then the next year the apr goes to 2% for a barely upped year to pay $4560/month, which starts the spiral obviously, if you had a couple hundred extra lbs you wanted to drop
the next year the rate goes to 5% while youve lost all the food stocks youve had, your already in collections and low and behold your employer cuts back your hours…....
i personally can only blame the govt for starting it, and since that wasnt good enuff, the govt for bailing out those idiots, but not only did they bail out the banks, but the people who walked in and got a loan which in all actuallity they didnt look at because it was confusing or whatever, but bottom line is a family of 4 were gonna try and live off of 250/month income after the loan was paid…..
we bought our house just after the houseing market started to climb and i recall plain as day the loan they were willing to give us was way more then we could have afforded to pay, unless of course we didnt need to eat or need gas to get to work, long story short is we said no to jumping in a hole
who i actually feel sorry for is maaybe 10-20% of them where they needed a house, they figured out what they could do and were maybe even a bit scraping by but then they pulled up to the gas pump and found 4 dollar/gallon gas… i dont feel for the idiot bankers, nor the foolish people getting themselves into a bad situation… i think the mere idea of the bailouts SHOULD have been laughed at and those needing it because of their own doing should have been let to fail…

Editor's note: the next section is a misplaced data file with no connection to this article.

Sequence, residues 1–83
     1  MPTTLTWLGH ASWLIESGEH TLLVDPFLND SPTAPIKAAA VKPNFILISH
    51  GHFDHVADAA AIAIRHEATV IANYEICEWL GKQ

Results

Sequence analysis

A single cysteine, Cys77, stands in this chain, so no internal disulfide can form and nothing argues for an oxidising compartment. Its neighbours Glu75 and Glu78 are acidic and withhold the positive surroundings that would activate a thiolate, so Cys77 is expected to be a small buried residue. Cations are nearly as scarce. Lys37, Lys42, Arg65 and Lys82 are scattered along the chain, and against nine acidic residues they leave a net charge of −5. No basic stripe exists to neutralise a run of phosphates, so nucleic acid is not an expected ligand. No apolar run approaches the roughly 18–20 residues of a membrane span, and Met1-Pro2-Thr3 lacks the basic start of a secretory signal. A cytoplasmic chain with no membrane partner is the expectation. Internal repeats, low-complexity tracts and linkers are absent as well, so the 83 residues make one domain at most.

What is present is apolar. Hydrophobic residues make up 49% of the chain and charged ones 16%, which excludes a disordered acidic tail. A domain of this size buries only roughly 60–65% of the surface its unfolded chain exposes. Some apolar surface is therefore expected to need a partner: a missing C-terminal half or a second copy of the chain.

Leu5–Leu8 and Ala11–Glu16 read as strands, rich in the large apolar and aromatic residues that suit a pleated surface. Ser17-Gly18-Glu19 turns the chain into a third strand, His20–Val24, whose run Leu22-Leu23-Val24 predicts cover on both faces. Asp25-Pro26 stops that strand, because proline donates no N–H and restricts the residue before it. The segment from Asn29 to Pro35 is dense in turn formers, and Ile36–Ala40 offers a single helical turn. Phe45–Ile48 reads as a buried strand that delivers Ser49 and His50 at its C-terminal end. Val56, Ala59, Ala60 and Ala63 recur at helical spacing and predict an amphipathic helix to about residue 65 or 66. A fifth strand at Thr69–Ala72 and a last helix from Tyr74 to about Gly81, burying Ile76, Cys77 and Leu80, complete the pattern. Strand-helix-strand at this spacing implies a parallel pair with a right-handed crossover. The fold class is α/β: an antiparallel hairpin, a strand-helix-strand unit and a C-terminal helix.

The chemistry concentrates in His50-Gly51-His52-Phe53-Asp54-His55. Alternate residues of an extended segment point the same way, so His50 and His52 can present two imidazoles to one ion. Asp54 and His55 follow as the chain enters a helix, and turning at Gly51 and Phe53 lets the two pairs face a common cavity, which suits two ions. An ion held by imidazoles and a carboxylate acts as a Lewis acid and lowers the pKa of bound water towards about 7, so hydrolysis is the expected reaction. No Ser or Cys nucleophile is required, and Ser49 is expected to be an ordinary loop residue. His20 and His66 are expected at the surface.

me and my wife both lost our jobs almost 3 years ago now, we still havent gotten any bailout that we havent created for ourselves while a buddy of mine refinanced during the boom and got $260,000 for a house worth about 125-150, which i may add was based on a finished basement that he was planning to do, a huge garage, that he was planning to build, and a landscaped yard he was planning to create….. he lost his house a year later, with basicly no grass, no garage, and a partially finished basement, he got nailed in the gas crunch as his job was 90 miles round trip, that being said i dont at all feel sorry for him losing the place as he was just barely making it when he refied, he knew better but thought he could pull iot off, and it was close i was impressed for quit awhile